seconds, following the six (6)steps in hand
hygiene techniques.

SIX (6) STEPS IN HAND HYGIENE


TECHNIQUES:

Keep Clean
Standard Procedures for Food Safety
(JCI, Care of Patient Policy)
A.) Utensils
Use different equipment and utensils such as knives and cutting
boards on each different items.
Color coded cutting boards
White for breads, pastries, cheese, butter and cakes
Green for fruits and vegetables
Blue seafood and fish
Tan or brown cooked foods
Red raw meat (pork and beef)
Yellow chicken, turkey
Utensils in contact with food or drinks are impervious, corrosion
resistant, non-toxic, easily cleanable, durable and resistant to
chipping.

Keep Clean
Standard Procedures for Food Safety
(JCI, Care of Patient Policy)
B.) Washing and cleaning

Proper washing of food items is observed prior to use. Raw


fruits and vegetables are washed thoroughly before being
cooked or served.
Wash hands with soap and water before and after handling
food.
Cleaning chemicals are properly marked and stored in their
original containers. These are stored away from food
preparation area and dry storage area. All hazardous
chemicals have a material safety data sheet (MSDS) which is
stored in the cleaning cabinet and segregated accordingly.

Keep Clean
Proper Safe Food Handling and Serving Practices
(JCI, Care of Patient Policy)
Only clean utensils are used in preparing, cooking, and serving of
food.
Different knives are used for cutting meat, fruit and vegetables,
and bread.
Hand contacts with food to be serve is avoided.
Surfaces that come in contact with food and drinks are not to be
hand held.
Cups, knives, forks, spoons, spatulas, and tongs, are always
picked up by the handle.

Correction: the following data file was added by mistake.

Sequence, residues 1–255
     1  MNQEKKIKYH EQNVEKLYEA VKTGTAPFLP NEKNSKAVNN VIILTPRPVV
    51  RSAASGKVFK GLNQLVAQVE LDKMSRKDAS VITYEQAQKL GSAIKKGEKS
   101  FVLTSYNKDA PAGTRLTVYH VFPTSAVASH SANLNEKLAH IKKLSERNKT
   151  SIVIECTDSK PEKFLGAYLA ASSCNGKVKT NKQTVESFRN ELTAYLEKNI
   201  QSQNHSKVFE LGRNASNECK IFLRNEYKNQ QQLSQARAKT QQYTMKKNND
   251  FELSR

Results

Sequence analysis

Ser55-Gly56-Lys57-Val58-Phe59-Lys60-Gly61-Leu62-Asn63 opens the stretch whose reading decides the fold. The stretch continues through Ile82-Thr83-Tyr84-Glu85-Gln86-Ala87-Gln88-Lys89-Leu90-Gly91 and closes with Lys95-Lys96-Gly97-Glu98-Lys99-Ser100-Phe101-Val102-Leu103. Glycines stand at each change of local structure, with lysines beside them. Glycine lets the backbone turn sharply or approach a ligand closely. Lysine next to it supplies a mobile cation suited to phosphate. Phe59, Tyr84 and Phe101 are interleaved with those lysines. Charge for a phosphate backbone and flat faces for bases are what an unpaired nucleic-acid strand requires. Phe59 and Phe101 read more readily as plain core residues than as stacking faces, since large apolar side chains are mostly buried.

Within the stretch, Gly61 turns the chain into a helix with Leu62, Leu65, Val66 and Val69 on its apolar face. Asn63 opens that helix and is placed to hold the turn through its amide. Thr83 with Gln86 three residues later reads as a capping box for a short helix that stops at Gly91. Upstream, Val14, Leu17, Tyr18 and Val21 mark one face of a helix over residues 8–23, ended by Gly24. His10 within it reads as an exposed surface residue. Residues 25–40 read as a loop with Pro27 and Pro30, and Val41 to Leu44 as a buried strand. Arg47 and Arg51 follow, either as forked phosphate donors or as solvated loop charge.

Glasses are handled by the base and plates by the ream, to avoid
contamination of the serving surface.
Broken, cracked, or chipped dishes or other utensils are discarded.

Keep Clean

Keep Clean

Keep Clean
Storage of Washed Utensils
(Code of Sanitation, Republic of the Philippines)
(a) They shall be stored in a clean and dry place adequately
protected against vermin and other sources of contamination.
(b) Cups, bowls, and glasses, shall be inverted for storage.
(c) When not stored in closed cupboards or lockers, utensils and
containers shall be covered or inverted whenever practicable.
Utensils shall not be stored on the bottom shelves of open cabinets
below the working top level.
(d) Racks, trays and shelves shall be made of materials that are
impervious, corrosion-resistant, non-toxic, smooth, durable and
resistant to chipping.
(e) Drawers shall be made of the same materials and kept clean. Feltline drawers are not acceptable, but the use of clean and removable
towels for lining drawers is acceptable.

Keep Clean

Keep Clean

Separate Raw
and Cooked Food
Separate raw meat, poultry and
seafood from other foods
Use separate equipment and
utensils such as knives and cut ting
boards for handling raw foods
Store food in containers to avoid
contact between raw and prepared
foods

Separate Raw
and Cooked Food
Why?
Raw food, especially meat, poultry
and seafood, and their juices, can
contain dangerous microorganisms
which maybe transferred onto other
foods during food preparation and
storage.